A Minister in the Making
In a recent conversation with one of our associate pastors, I asked the question, "Which Bible character do you most identify with, and who do you aspire to be like?" He asked me the same question. My response was, "I am probably most like Timothy, especially when I was younger, and I hope I am growing into a Barnabas, son of encouragement." I see many similarities between Timothy and me, and I recognize that some of Timothy's propensities have continued to be part of my life.
Let's take an overview of Timothy's life, looking at the elements that enabled him to grow into a person God used.
The Initial Foundation of Timothy's Life
Parents, would-be parents, singles, and those who might disciple or mentor, I think these observations can be helpful to you. Timothy was blessed with a very positive heritage.
A Christian Heritage
Acts 16:1—"He came to Derbe and then to Lystra, where a disciple named Timothy lived, whose mother was a Jewess and a believer, but whose father was a Greek."
2 Tim. 1:5—"I have been reminded of your sincere faith, which first lived in your grandmother Lois and in your mother Eunice and, I am persuaded, now lives in you also."
Timothy grew up with the influence of a mother and a grandmother who were both believers and women of faith, a sincere faith—2 Tim. 1:5. The definition of "sincere" is very helpful. It means "not to disguise one's intentions, or to conceal one's true feelings." It also means "to not play a part; i.e., no masks, but sincere." Timothy didn't grow up with a family who talked like Christians, but lived like unbelievers. His mother and grandmother lived before him without masks, were open with their feelings of love and affirmation, and even shared their hurts and trials. They were not phony Christians.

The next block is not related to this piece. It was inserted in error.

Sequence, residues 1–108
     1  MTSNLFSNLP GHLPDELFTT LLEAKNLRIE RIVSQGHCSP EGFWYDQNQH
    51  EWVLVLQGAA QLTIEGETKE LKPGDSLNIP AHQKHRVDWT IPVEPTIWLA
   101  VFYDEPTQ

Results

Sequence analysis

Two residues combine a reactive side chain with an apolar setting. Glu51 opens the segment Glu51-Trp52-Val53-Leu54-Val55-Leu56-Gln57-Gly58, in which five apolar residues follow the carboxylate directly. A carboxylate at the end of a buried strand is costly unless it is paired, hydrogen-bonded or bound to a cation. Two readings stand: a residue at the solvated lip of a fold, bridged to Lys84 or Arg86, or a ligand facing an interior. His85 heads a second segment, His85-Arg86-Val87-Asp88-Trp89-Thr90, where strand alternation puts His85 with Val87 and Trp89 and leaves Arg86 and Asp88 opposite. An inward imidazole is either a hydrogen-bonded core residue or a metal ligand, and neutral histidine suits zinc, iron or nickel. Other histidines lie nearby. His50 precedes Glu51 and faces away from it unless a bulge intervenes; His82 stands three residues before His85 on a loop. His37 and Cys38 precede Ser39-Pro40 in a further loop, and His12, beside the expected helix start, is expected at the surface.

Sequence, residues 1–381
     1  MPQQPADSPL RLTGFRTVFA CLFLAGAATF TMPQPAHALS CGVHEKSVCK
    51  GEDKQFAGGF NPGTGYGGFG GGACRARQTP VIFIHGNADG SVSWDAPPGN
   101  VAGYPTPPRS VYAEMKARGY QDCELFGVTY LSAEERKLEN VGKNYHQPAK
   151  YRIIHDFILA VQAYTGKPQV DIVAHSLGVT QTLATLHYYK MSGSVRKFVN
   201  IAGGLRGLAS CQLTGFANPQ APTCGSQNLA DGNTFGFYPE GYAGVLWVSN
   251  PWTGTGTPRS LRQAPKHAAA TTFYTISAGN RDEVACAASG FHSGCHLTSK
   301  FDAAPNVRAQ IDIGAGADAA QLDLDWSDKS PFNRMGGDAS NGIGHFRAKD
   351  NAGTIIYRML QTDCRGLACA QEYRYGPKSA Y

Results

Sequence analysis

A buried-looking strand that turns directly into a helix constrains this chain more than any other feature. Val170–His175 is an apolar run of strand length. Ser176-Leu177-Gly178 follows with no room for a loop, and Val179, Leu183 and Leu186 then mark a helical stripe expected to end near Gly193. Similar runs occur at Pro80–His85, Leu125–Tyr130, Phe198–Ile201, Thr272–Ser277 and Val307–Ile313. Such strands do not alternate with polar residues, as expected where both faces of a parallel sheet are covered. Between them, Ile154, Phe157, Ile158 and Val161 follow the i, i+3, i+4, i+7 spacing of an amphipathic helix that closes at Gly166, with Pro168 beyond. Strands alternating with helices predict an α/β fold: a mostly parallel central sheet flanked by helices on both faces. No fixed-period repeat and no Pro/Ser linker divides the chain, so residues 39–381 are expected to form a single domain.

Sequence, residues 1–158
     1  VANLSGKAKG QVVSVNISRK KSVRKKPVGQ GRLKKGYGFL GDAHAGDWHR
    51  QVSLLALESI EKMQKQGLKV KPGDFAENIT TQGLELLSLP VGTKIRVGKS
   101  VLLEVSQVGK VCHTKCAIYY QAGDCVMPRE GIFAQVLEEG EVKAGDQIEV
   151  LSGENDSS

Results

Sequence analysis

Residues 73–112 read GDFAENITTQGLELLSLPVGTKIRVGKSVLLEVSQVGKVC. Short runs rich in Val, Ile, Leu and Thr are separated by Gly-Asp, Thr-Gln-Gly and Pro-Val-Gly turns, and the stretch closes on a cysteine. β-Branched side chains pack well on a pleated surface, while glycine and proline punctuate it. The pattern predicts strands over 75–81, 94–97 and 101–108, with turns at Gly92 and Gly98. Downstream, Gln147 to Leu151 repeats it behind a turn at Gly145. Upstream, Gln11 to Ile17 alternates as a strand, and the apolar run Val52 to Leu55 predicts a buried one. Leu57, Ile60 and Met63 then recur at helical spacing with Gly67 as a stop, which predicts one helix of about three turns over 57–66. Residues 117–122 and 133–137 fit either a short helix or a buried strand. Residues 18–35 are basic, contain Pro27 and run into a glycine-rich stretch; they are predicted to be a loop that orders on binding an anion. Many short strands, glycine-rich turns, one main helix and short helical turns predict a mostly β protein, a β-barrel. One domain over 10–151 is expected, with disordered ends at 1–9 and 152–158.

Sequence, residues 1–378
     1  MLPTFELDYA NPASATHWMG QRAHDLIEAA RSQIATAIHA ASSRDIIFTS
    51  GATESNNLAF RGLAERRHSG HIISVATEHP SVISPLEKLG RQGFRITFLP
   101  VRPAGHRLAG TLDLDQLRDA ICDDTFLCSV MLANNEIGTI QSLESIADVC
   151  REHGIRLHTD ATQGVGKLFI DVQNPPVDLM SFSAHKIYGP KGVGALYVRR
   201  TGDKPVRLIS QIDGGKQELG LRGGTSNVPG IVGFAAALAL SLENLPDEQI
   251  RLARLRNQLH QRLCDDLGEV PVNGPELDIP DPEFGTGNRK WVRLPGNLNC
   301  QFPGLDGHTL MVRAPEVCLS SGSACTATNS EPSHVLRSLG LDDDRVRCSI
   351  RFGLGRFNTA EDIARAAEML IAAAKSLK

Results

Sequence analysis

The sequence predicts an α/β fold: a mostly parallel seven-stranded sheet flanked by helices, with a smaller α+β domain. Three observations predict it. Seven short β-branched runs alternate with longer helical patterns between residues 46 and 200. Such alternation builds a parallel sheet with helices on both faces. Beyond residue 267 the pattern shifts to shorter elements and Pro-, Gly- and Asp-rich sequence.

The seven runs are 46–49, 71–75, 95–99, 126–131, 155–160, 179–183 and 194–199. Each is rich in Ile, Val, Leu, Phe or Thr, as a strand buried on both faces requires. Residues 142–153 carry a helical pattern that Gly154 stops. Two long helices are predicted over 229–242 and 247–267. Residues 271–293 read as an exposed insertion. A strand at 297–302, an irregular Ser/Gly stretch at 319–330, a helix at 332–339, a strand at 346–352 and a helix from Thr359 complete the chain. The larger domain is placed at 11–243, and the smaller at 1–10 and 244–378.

Later you will see the impact of their sincerity on Timothy, as he shares his feelings, weaknesses and concerns with Paul: "Recalling your tears, I long to see you, so that I may be filled with joy" ( 2 Tim.1:4) How many of your friends or family members have rejected the faith because their parents or relatives were phony, maybe legalistic Christians? They reject their faith, not knowing they are rejecting a phony and haven't experienced or been shown the real thing. Have you had to work that through yourself?
Sincere faith breeds more sincere faith. Remember that in your home, as your children, grandchildren, siblings, or young relatives are observing you.
Another foundation stone in Timothy's young life was a love for the Word that was living in his mother and grandmother. "But as for you, continue in what you have learned and have become convinced of, because you know those from whom you learned it, 15] and how from infancy you have known the holy Scriptures, which are able to make you wise for salvation through faith in Christ Jesus."—2 Tim. 3:14-15. What a wonderful heritage!
Notice that he says it's "from infancy you have known the holy Scriptures." This kind of knowledge doesn't happen by osmosis, but is deliberate and consistent (e.g., Bible stories, memorization, Sunday School, bedtime stories, etc.).
Why was all this exposure and training so necessary for Timothy? His household held another example that might have impacted his faith: an unbelieving father—a Greek (Acts 16:1). He could easily have followed his father's example, but he had a contrast to observe, and the mother's and grandmother's example was apparently more attractive to him.
How will our influence affect our children now or in the future? How will they counteract negative influences? We should observe this impact, because Americans don't value extended families as they should! Employment and schooling have more importance than family connection. In fact, we quickly substitute friends, interests, and lifestyle for a family connection when it's convenient for us.